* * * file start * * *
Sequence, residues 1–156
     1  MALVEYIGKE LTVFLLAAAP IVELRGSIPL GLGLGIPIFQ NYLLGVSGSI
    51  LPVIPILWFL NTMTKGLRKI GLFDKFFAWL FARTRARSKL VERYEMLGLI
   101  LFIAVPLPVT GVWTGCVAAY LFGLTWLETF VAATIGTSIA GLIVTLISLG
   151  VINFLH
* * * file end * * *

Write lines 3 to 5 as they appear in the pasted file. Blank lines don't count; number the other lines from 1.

    51  LPVIPILWFL NTMTKGLRKI GLFDKFFAWL FARTRARSKL VERYEMLGLI
   101  LFIAVPLPVT GVWTGCVAAY LFGLTWLETF VAATIGTSIA GLIVTLISLG
   151  VINFLH